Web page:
YOUR NEXT MOVEOne step closer to your next challenge.

YOUR NEXT MOVE
One step closer to your next challenge.

Industry Insights – With our candidate Leanne at Mather & Co

After finding her dream job through Straco, I’m sure the last thing our candidate Leanne wanted to do was have yet another interview! However, she made an exception for us, so we chatted to her about her experiences with Straco, and her new role with our client, Mather & Co!

Leanne Clydesdale (Mather & Co) and Gemma Robson (Straco)

How did you find your experience of working with Straco in searching for your first major role in the industry?

I had contacted a number of recruitment companies before I came across Gemma on LinkedIn and decided to drop her a message.

My experience with Gemma was unlike my experiences with other recruiters, she was more than happy to take me on and immediately called me to get my information. Except it wasn’t just, what is your date of birth? Or what qualifications do you have? It was, what do you like about design? What kind of companies have you seen that you like the portfolio of? Gemma took the time to get to know me as a designer and a person, so she would be able to find the job that suited me the best.

Gemma called me on a regular basis to update me on what interest I had gotten from my portfolio and what jobs were available to apply for. All of a sudden, my job applications had livened up!

I was still in a place of questioning myself and feeling like I was not going to be able to live up to expectations. One night I emailed Gemma in a panic – It was a mess of an email, blurting out all my emotions about finding a job. Am I going to be able to do what they want from me? Do you honestly think I am good enough to be applying for jobs? Gemma called and reassured me. She was confident she would be able to find me something, and it wasn’t long until I had my first interview.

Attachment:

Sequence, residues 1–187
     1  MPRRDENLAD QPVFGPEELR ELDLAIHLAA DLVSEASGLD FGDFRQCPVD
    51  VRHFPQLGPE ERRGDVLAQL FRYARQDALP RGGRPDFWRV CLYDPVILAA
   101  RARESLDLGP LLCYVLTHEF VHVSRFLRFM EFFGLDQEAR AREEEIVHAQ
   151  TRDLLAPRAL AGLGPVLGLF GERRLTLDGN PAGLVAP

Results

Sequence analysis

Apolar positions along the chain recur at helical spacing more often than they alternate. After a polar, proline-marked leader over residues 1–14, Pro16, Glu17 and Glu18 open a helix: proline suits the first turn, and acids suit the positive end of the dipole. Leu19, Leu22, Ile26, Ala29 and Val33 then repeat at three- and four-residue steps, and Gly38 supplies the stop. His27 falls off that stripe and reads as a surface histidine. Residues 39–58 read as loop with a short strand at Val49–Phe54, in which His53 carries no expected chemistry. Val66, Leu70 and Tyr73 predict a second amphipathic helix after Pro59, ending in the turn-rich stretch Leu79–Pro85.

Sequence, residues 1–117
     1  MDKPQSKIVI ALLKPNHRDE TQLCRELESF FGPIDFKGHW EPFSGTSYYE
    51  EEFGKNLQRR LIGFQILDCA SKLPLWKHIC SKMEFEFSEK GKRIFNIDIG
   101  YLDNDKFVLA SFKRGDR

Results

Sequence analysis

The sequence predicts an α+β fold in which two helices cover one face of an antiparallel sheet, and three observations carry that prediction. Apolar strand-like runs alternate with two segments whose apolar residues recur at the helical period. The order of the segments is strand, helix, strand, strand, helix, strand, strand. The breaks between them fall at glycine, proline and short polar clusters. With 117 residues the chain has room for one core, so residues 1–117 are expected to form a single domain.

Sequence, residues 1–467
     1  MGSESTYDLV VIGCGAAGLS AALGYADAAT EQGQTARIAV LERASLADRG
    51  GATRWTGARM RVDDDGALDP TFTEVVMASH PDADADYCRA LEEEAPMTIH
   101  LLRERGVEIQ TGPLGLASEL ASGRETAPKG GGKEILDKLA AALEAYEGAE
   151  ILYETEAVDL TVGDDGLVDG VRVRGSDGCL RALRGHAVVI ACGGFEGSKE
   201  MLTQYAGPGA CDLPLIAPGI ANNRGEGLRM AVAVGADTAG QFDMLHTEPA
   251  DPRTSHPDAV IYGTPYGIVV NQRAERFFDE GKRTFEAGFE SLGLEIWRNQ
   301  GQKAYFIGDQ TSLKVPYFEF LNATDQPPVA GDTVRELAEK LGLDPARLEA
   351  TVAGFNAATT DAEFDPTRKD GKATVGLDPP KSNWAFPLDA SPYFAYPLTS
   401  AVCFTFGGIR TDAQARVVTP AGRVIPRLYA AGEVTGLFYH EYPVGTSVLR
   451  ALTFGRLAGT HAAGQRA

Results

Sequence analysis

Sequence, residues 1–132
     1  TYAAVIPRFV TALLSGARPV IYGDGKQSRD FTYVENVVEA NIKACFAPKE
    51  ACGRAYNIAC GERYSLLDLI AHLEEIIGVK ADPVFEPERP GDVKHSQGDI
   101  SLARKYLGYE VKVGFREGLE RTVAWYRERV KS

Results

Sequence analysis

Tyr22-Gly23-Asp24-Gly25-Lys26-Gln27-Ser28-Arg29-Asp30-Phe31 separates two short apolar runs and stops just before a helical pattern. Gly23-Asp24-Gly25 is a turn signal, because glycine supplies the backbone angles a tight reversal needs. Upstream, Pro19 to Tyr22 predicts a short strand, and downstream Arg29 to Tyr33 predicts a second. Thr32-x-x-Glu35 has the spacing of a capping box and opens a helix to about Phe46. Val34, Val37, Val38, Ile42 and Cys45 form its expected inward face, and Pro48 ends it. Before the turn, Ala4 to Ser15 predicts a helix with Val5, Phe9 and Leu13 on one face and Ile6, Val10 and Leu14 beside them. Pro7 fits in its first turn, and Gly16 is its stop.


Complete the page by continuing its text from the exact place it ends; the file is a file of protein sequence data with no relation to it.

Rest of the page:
I was very nervous, but Gemma gave me a great pep talk. That interview wasn’t meant to be, but only two days later I travelled to Manchester to interview with Mather & Co. Gemma was so confident that this was the one for me, and she made me believe that I was perfect for this role. Her belief in me helped me to have my best interview yet. Not long later Gemma called me– she couldn’t wait to tell me the good news and sounded as excited as me when she told me I had got the job! Even now we have stayed in contact, and I update her regularly on how the job is going.

Having someone to go through the experience of finding a job made it feel less lonely, less stressful and more exciting. It livened up my application process and gave me a better chance of finding the right place for me. Gemma not only put so much effort into finding me a job, she went above and beyond to make me feel like I was understood and supported. I truly feel that I have gained a friend who is supporting me through my journey as a designer.

Do you have any advice for young designers like yourself who are looking to start out in the Exhibitions industry?

Firstly: keep going! When I was searching for a job in the industry, I continued to design. I took on projects in staging to keep my creativity flowing and keep my mind on my goal.

Applying for jobs and not hearing back from companies is not easy, it makes you question your abilities. Continuing to design kept me happy and was a reminder to me that this is what I want to do!

Secondly: try everything! When you are applying for jobs, you begin by looking at job websites. But there are a whole host of different ways to apply for jobs. Applying directly to companies, sending your portfolio to whoever will take it, getting on the recruitment sites and using social media.

LinkedIn is the app that was most useful to me. It is important to remember that if you look at someone’s profile, they see it. So be brave and add them and let them know you are interested in their business– that’s what LinkedIn is for, making those connections.

Finally, and I know this is easier said than done, but show your confidence! Show it off as if you packed up all your worries away to make more space for it. If that means making power poses in the bathrooms beforehand (I’ve done this many times), making your friends compliment you until it makes you warm and fuzzy, or deep breathing and using mantras, do it! Make yourself feel as good as you possibly can before you go in there. You can do it! You will do it! You will make it!

What drew you towards working for Mather & Co before and after your initial interviews with them?